"To us, at least some of us, when you become a member of a tribe - a federally recognized tribe - you should always be a member of a federally recognized tribe no matter what," said tribal council chairman Alvin Windy Boy Sr.
Montes said the tribe has not enforced the provision since 1958.
"It created a lot of hard feelings," he said.
The fifth proposed amendment, the only one that did not go before the voters last year, would enable the tribal council to appoint the chief tribal judge and two associate judges. Those judges are now elected to four-year terms. The amendment also would give the council the authority to appoint a chief appellate court judge, who would appoint an unspecified number of appellate panel judges.
Chief Judge Gilbert Belgarde said Monday that an informal appellate court was established by the tribal court in 1989, but the tribal council officially formed the appellate court in February. The chief appellate court judge position is vacant at this time, he said.
The amendment does not specify how long the appointed judges would serve. The council would negotiate contracts with the judges. The proposed amendment would require the judges to have "extensive tribal judicial experience and be in good standing to preside over the tribal court and tribal appellate court."
Jonathan Windy Boy said the amendment would mean more qualified judges in tribal court.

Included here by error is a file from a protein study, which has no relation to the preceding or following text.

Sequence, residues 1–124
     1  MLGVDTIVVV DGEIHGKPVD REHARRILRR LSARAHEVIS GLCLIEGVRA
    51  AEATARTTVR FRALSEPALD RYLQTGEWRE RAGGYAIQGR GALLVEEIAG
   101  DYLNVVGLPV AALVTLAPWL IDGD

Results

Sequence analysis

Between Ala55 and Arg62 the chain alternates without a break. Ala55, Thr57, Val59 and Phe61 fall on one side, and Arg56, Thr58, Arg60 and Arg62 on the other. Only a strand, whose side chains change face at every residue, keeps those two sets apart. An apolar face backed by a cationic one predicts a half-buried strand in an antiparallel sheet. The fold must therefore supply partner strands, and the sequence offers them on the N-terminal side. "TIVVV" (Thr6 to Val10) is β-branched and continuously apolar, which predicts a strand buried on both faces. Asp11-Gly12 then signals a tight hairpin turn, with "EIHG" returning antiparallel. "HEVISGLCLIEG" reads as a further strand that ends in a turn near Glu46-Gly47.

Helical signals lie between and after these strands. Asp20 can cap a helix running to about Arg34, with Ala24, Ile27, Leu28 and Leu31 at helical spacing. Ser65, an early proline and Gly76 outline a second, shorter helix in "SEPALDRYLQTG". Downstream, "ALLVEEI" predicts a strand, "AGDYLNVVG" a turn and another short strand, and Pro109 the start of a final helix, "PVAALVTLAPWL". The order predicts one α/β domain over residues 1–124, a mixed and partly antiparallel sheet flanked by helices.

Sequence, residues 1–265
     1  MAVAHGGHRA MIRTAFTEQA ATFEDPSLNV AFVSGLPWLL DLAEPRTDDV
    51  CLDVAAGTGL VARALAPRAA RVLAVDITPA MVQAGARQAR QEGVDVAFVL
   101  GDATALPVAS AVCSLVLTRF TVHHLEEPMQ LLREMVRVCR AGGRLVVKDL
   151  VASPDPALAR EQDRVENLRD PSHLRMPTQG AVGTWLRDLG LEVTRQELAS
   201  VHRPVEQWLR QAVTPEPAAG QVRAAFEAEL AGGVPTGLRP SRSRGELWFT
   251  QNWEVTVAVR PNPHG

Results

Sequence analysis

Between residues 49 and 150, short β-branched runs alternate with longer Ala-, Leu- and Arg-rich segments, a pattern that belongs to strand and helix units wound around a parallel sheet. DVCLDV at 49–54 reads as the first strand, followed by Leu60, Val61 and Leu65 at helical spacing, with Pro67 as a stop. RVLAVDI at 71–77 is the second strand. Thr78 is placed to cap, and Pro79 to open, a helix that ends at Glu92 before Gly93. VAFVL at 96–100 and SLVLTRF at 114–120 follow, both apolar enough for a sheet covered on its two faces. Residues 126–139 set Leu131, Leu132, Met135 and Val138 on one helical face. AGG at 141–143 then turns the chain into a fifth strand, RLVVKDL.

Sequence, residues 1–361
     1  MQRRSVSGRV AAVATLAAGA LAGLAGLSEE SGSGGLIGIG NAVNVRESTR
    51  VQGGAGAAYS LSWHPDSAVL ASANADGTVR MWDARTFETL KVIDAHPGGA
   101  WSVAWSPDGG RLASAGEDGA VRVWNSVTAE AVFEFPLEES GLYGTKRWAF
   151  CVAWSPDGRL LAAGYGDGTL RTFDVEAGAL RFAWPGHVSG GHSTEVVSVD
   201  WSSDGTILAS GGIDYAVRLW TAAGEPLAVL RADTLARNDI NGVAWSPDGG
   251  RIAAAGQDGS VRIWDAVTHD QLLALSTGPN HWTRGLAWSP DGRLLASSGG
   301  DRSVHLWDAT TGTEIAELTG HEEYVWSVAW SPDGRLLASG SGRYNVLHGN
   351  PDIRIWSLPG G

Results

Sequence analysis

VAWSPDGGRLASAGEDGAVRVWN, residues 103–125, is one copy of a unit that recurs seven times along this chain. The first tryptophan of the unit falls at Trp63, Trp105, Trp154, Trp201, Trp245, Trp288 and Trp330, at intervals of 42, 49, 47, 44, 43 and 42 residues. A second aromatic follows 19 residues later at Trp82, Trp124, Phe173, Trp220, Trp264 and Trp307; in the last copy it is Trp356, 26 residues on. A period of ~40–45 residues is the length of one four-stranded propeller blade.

"Right now there aren't any specific qualifications," he said. "It all goes back to the protection of the people and making sure that the judgment process is fair."
Belgarde said the amendment would threaten the balance of power in tribal government.
"I think they really opened up a can of legal worms and Pandora's Box" for the council members, Belgarde said. He said some people could see it as an effort by the council to control tribal government, and that it could prompt them to call for other changes like term limits for the tribal council and the tribal chair.
"Too much power should not be concentrated in the business committee," he said, referring to the official name of the tribal council.
Alvin Windy Boy said the items on the ballot came more from the people than the council.
"These are certainly concerns of the community," he said. "It's not necessarily a tribal council initiative. It's going to be decided by the people."
Belgarde said he doesn't think the tribal council would appoint him judge if the amendment passed.
"I wouldn't even be a shoeshiner," he said.
Federal law says that secretarial elections, which amend the Chippewa Cree Tribe constitution adopted in 1935, must be administered by the BIA, Montes said.
Secretarial elections are relatively rare, he said. The only year in which Rocky Boy voters passed proposed changes to the tribe's constitution and bylaws was in 1972. That election included, among other things, eliminating voting districts on the reservation in favor of an at-large system of voting. Another election was held in 1978, but the proposed amendments did not pass, he said.
A secretarial election can be held if two-thirds of the tribe's eligible voters sign a petition or if the tribal council passes a resolution, Montes said. The council passed a resolution in July calling for this election.
The election will be held in the old Stone Child College gym on Jan. 6 from 8 a.m. to 8 p.m. Absentee ballots must be postmarked no later than Jan. 6.